6. Fill in the blanks: “A basset hound’s ideal afternoon consists of __________ on his back in the sun with _______ tongue hanging out.”
7. What punctuation does this sentence need? “Because of the city-wide truffle shortage Chef Monsoun will be unable to prepare Coquilles St. Jacques and patrons will have to make do with Coquilles San Souci.”
8. In the sentence “Coquilles San Souci” is prepared from bizarre, literally nauseating ingredients,” what are the two underlined parts of speech?
9. Which accurately describes the sentence “Basset hounds will eat almost anything, however even a basset will turn up its enormous nose at Coquilles San Souci”?
10. In the sentence “On the other hand, to a discerning basset with refined taste buds, Hortense’s rhubarb omelet is the bomb,” the underlined words are what parts of speech?
According to Entertainment Weekly, I’m the author of a criminally underrated book.
I’m happy to see that the title of another c.i. book in the list is the name of my old African Grey. Catherwood lives!
This is not self-promotion (since these secluded pages hardly function as publicity), but rather a real-time, step-by-step account of the typical run-up to a new book’s pub date (and for a while thereafter). When it’s your first book, this process is almost nauseatingly exciting. By your fourth, it’s not. Some dread remains; almost zero excitement. The book will come and go. Anyway…
First usually come reviews from Publishers Weekly, Kirkus, Booklist, and Library Journal. Kirkus doesn’t publish theirs until a couple of weeks ahead of the pub date, and they don’t generally like me all that much anyway. [Called it! See below.]
Here’s PW, starred, on May 6:
Willett’s hilarious follow-up to The Writing Class pulls no punches when it comes to current literary trends. Amy Gallup was once heralded as a fresh voice in fiction, but with her novels now long out of print, she’s content with a quiet, anonymous life of leading workshops, keeping lists of great-sounding titles for stories she’ll never write, and maintaining her sporadically updated blog. One afternoon, however, while working in her garden, Amy trips and cold-cocks herself on a birdbath. Still reeling from the head injury hours later, she gives a loopy interview to a reporter working on a series of local author profiles. The result goes viral, and suddenly Amy is a hot commodity on the literary pundit trail. She couldn’t care less about being relevant or famous, which lends a refreshingly brutal honesty to her commentary on the radio, television, and lecture circuit. But her newfound notoriety also pushes Amy out of her comfort zone, forcing her to confront years of neuroses and an unexamined postwriting life. Willett uses her charmingly filterless heroine as a mouthpiece to slam a parade of thinly veiled literati and media personalities with riotous accuracy, but she balances the snark with moments of poignancy. (July)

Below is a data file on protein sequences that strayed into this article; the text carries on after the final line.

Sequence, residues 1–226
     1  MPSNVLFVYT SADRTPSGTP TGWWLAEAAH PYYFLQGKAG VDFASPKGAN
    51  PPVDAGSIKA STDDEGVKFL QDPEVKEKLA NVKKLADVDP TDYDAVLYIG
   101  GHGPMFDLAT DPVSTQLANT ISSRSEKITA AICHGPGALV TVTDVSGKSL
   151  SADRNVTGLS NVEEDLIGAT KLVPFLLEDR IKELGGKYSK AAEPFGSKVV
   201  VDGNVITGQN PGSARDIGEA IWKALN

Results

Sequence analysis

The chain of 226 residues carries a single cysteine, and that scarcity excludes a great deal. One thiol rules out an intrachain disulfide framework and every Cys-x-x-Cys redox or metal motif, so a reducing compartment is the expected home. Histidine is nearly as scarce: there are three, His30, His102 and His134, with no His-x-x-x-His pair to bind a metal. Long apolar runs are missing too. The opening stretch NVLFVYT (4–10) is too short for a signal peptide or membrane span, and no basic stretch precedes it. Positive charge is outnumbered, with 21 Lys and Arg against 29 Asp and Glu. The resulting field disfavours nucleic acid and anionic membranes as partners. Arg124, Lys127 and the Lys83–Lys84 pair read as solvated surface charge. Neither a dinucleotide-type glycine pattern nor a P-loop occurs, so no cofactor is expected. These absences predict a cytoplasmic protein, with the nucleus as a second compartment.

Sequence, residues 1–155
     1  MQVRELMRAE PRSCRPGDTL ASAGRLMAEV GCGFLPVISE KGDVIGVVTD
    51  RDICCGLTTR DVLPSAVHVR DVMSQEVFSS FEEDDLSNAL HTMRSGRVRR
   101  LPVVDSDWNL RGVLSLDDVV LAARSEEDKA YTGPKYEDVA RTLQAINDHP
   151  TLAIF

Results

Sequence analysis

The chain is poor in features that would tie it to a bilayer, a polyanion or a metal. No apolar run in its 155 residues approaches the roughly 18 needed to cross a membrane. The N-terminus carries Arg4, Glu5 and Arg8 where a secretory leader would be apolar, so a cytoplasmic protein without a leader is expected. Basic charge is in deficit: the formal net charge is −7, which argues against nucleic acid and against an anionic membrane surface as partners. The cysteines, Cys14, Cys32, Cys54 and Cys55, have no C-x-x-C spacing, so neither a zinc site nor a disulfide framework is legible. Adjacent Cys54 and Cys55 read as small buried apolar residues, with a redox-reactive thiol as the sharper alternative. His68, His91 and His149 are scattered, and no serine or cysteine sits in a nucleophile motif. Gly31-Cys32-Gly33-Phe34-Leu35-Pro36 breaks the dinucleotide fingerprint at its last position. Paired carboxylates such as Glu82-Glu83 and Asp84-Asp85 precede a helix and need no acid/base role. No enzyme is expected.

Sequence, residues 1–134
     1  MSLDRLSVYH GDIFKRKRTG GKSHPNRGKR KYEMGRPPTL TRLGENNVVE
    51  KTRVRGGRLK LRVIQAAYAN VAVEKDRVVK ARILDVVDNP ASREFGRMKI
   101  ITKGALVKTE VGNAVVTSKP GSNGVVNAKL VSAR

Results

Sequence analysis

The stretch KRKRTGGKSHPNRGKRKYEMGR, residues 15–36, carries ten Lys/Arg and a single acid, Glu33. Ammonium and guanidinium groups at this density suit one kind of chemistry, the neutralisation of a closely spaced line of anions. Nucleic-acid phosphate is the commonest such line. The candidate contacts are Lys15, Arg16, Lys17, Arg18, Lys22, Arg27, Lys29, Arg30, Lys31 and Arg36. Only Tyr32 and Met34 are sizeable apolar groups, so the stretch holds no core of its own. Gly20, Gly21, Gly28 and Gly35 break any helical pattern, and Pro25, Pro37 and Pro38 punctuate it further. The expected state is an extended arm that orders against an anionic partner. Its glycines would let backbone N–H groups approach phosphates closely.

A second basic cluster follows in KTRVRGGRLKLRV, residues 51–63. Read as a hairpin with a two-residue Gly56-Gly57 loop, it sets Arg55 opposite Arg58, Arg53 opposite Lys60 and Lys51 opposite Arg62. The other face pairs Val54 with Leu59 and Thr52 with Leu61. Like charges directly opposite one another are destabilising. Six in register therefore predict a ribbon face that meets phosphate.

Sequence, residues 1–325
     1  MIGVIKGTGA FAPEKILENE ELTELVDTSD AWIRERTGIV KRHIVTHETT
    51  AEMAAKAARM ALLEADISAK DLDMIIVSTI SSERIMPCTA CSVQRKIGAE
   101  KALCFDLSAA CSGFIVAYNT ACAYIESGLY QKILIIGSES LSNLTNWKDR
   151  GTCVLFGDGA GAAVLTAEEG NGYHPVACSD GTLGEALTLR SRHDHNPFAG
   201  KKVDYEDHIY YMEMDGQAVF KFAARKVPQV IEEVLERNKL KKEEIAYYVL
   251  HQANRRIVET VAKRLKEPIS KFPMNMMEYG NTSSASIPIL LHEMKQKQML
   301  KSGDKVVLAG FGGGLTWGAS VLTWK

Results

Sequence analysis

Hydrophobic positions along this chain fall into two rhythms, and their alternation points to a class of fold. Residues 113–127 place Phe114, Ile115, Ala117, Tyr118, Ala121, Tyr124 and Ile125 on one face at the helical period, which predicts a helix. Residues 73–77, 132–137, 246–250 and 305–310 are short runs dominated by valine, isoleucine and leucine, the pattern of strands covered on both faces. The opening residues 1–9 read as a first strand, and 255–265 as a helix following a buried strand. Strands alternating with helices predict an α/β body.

Here’s the Kirkus:
Amy Gallup, 60, hasn’t published a book in 20 years, and she’s settled into a
quiet life with her beloved basset hound, Alphonse. None too excited about a
newspaper interview she’s agreed to give, she trips, knocking herself out on the
birdbath just hours before she’s scheduled to play the role of has-been local
Oddly, she regains consciousness to see the reporter’s car pulling out of her
driveway. In the emergency room later, she has the distinct pleasure of reading
her own interview–an interview she evidently gave without the assistance of a
conscious, rational mind. Amy’s cryptic, concussion-addled interview rejuvenates
her career. Suddenly, her agent–chain-smoking, aggressive but kindly Maxine–is
calling again, arranging appearances and pushing for new material. Her former
writing students are back, too. After all, their crazed, knife-wielding former
classmate (from Willett’s The Writing Class, 2008) is now safely behind bars.
The collection of friends and opponents surrounding Amy are flat characters
bedazzled with quirks, but that doesn’t quite make them quirky. Grudgingly, Amy
goes on tour, battling wits with shrill, book-phobic radio hosts,
twitter-bewitched moderators, new authors drunk on blogs and old authors drunk
on scotch. Along the way, she confronts the demons of her past, including her
buried grief for her late, gay husband, as well as her ambivalence about
success. The skewering of the business of selling books–despite some hilarious
scenes and Amy’s dry humor–gets repetitive as Amy tirelessly defends real
writing and debunks virtual book launches. Amy is endearing, yet it is difficult
to remain curious about a heroine whose only interest is writing.
Willett’s skill in crafting zany scenes and Amy’s acerbic wit are not enough to
keep this novel afloat.
Apparently AFD is on the July 2013 Indie Next List, which is a good thing, although I don’t know what it means. The whole Bookseller concept is opaque to me. It’s nice news, though.
Booklist Review, Issue: July 1, 2013
Amy Falls Down.
Willett, Jincy (Author)
Jul 2013. 336 p. St. Martin’s/Thomas Dunne, hardcover, $24.99. (9781250028273). St. Martin’s/Thomas
Dunne, e-book, $11.99. (9781250028280).